Samurai Shodown and its cousin King of Fighters were SNK's answer to Street Fighter and Mortal Kombat in the 90s. Basically a copy cat of Street Fighter II, Samurai Shodown had bright sprites and swordplay, and even had animals that helped you out. Fast forward to 2010 and Street Fighter is still one of the top franchises in the fighting game genre. SNK’s solution to Street Fighter IV is Samurai Shodown: Sen, their own 3D styled title.
SNK Playmore should have listened to the complaints on the poorly made King of Fighters XII and tried to make Samurai Shodown: Sen better. Instead you get a generic 2D fighter with 3D elements with probably some of the worst detailed characters out of any of the modern fighters. The 3D play field isn’t one that you can openly travel about like in for example, Soul Calibur. It's more of a static plane that if you get hit a certain way the field rotates to match it. The character animations are not all bad though, as some of the heavy slash moves finish off a player with severed arms and in some cases a severed torso, sure to put a smile on your face at first. But when you end up doing the move on 20 different characters and the animation is the exact same thing each time, the gratification for winning slowly fades away.
The gameplay itself is the weakest part aside from the lack of detail in the graphics. Flat out, it’s a boring affair. There are the typical Story, VS, Survival modes that most games currently have. Story mode travels through eight battles per character you choose, for a total of 192 if you decide the game is so amazing that you need to play through with every single character. The first couple of fights are against random characters specific to the story of the fighter you choose. The last three battles are always against the same people, with the same tactics as well. There are difficulty settings from Beginner to Hard, though Hard is actually not so tough as the AI is so poor that you can trick them and heavy slash all day long.
This brings about another flaw in the game. Samurai Shodown: Sen offers a large number of combos and special moves to destroy your opponent. The issue however, is that the combos are pointless. You can repeatedly lose by a large margin and come back with three heavy slashes and win the match. What is the point of having fun combos if the heavy slash is so effective you have no need to combo? It could be a broken game mechanic, or possibly a way to make it so anyone can play effectively at least through the first two battles. Battles three, five and seven are setup to make the CPU much tougher to beat compared to the rest of the matches. That’s right — the end boss is one of the weakest ever, which if you have played Dead or Alive 4 is a blessing.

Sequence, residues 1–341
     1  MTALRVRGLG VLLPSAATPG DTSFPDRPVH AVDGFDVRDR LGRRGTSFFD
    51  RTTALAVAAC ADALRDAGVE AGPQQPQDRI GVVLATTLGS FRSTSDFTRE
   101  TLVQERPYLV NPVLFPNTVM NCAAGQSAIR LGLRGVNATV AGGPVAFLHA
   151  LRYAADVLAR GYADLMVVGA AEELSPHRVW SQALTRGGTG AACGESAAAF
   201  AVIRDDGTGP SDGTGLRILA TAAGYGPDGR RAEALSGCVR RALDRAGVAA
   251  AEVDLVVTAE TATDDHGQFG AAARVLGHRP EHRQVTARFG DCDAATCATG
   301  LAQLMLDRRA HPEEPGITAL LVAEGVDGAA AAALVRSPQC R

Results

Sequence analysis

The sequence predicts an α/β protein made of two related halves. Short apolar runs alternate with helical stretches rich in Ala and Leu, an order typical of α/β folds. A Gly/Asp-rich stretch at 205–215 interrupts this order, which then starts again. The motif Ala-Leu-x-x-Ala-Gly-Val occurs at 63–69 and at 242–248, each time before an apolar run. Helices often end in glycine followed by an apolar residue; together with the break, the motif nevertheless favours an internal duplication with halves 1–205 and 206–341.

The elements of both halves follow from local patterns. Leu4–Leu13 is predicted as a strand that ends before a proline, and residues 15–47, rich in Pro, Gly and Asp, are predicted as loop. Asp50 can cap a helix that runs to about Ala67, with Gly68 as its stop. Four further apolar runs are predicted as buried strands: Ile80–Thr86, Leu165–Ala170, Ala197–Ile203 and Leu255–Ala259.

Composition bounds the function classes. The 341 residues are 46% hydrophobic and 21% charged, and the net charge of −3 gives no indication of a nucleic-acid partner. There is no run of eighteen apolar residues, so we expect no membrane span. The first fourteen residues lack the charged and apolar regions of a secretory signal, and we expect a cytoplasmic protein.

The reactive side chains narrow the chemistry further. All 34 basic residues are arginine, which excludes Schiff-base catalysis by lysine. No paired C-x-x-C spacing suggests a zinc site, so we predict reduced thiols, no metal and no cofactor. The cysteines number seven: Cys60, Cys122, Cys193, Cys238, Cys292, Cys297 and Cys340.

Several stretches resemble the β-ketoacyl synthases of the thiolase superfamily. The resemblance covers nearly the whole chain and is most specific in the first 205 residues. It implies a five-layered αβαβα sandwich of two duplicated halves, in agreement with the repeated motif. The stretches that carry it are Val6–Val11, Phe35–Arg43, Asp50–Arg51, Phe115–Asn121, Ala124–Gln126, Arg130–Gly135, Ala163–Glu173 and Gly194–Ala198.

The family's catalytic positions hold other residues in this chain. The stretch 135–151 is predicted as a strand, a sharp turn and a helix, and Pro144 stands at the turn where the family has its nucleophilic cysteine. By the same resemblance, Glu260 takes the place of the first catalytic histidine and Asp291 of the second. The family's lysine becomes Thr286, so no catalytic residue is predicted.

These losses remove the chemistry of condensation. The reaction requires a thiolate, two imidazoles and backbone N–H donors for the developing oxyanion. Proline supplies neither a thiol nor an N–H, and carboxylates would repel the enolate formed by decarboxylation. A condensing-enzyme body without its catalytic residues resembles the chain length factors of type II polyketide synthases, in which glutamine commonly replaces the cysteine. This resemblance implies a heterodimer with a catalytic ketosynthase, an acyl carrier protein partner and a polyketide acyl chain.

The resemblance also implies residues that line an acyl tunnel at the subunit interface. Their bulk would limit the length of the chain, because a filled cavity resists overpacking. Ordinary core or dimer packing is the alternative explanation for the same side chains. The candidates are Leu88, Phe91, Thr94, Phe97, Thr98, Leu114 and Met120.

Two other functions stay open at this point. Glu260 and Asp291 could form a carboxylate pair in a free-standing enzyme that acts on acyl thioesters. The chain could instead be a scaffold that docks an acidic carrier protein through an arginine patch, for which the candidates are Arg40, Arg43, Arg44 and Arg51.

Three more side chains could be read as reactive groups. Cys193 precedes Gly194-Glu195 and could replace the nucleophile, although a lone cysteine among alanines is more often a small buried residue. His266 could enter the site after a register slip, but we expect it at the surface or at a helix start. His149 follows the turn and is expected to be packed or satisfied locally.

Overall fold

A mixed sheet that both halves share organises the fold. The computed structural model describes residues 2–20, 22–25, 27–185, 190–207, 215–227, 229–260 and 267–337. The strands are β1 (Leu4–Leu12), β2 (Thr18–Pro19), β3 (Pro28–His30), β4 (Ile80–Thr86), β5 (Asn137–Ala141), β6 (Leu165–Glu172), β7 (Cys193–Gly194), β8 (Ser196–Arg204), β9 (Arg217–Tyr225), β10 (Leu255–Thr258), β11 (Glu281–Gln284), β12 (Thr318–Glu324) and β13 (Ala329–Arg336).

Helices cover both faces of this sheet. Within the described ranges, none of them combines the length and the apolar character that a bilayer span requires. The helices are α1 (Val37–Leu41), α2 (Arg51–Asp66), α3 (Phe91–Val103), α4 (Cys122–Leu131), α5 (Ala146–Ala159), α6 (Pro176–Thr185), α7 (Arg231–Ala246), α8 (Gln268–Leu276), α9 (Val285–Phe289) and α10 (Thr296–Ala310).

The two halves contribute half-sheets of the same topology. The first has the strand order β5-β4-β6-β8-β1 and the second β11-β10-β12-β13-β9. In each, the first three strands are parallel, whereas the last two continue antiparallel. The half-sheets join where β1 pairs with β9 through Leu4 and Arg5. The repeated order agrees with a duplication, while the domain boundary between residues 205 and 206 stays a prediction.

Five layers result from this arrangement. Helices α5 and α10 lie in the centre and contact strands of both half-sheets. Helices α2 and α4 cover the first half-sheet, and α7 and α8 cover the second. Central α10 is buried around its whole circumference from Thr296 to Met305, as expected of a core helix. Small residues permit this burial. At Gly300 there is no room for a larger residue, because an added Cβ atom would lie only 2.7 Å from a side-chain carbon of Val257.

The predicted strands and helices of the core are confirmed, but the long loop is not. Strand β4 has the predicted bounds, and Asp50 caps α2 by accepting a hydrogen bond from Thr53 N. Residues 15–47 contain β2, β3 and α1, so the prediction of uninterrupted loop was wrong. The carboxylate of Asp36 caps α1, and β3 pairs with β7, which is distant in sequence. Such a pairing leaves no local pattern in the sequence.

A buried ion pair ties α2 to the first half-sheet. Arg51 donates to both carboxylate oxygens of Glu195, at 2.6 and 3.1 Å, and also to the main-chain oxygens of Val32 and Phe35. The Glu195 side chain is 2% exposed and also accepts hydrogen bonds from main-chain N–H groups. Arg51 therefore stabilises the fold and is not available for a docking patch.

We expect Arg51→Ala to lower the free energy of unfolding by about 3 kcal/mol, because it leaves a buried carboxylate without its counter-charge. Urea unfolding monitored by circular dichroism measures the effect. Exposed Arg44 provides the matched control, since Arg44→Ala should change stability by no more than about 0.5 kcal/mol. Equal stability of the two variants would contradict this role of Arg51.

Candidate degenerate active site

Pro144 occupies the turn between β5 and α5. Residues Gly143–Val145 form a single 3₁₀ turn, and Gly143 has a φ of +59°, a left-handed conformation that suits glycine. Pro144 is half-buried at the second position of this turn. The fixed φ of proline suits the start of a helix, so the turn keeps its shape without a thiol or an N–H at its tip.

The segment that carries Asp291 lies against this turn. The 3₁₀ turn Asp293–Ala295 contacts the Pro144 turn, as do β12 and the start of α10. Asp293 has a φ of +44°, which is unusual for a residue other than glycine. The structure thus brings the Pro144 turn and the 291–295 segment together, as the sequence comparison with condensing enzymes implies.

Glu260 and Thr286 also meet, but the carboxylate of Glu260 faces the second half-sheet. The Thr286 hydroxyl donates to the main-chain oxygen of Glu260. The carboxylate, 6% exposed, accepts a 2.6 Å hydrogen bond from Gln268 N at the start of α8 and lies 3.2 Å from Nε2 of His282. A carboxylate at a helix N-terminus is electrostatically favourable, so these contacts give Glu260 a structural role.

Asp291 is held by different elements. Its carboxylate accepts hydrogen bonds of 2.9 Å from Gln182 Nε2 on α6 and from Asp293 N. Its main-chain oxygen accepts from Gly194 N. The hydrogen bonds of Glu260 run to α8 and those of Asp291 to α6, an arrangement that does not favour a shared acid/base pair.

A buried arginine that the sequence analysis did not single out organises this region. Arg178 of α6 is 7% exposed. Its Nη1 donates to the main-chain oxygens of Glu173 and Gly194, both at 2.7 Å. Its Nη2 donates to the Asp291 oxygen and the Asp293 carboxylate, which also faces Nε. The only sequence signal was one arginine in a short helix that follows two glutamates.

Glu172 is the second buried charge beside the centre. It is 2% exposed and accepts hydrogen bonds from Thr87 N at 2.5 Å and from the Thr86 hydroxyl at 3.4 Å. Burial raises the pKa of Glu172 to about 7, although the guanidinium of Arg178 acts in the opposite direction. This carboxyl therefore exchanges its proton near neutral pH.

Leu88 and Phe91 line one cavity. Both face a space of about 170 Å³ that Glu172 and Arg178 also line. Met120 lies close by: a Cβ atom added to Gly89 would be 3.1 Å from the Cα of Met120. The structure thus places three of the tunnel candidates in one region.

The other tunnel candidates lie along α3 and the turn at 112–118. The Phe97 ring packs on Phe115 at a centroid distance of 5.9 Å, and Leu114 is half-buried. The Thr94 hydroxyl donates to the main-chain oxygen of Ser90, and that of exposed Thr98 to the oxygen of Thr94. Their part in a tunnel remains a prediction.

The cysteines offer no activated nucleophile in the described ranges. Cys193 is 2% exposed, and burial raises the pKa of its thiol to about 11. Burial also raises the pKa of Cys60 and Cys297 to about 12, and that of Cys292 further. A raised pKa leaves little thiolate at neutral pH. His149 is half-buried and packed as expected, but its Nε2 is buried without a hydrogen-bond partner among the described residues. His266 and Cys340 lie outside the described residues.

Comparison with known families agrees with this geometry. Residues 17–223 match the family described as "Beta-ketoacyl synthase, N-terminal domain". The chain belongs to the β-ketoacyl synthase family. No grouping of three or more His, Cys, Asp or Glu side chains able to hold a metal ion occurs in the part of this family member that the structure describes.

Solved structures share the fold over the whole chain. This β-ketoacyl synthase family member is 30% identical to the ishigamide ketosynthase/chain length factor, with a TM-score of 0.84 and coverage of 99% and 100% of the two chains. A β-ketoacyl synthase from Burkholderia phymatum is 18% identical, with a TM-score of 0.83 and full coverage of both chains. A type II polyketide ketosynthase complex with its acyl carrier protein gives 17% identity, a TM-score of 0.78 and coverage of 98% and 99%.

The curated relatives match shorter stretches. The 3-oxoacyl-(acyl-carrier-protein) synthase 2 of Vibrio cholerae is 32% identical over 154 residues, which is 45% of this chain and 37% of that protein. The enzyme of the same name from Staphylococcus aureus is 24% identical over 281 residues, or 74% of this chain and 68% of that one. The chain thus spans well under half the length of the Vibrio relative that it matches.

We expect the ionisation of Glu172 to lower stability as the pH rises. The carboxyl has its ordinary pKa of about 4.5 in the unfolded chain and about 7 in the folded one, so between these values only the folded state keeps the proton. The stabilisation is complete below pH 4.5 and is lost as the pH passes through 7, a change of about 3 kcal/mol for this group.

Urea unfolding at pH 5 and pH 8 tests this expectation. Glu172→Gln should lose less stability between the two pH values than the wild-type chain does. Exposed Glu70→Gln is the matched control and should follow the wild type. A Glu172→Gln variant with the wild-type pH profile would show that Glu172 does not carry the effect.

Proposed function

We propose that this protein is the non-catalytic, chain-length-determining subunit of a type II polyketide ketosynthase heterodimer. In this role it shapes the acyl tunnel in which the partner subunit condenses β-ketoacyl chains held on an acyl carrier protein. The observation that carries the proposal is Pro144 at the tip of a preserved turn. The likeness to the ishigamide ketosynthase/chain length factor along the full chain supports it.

The title also has online multiplayer but if you want to play this mode often, trick a friend into getting a copy as well. The reason is that there is no online community for this game. After a week since its release, within a 60 minute period of time I noted only three other tags; that’s right….three tags. On another night I tried for 45 minutes and didn’t get one match — not a single one. Needless to say, the online community is dead for this title compared to other fighting games where you will consistently get into a battle. Of the little successful online play that was possible, it was lag free and fairly enjoyable.
Being on the Xbox 360 there are of course achievements to be had, 50 for 1000 possible points. Over half are for playing through the story mode with every character in the game so to get over 50% of the achievements is a simple task. The rest of them involve playing survival mode or ending a match a certain way. This offers a bit of a challenge to the average gamer but the achievements are still obtainable. If you are a guru at fighting games 900 points should be more then possible as long as you have a friend to play against online. Only a couple of the achievements may give you a bit of trouble if you are the latter style of gamer.
Overall, Samurai Shodown: Sen isn't a bad title if you need a quick battle against 3D versions of the characters you may remember from NeoGeo days. Most gamers today will not care to remember that point in time and see how average this game really is.
Samurai Shodown: Sen is rated M (Mature) by the ESRB for Blood and Gore, Mild Sexual Themes, and Violence.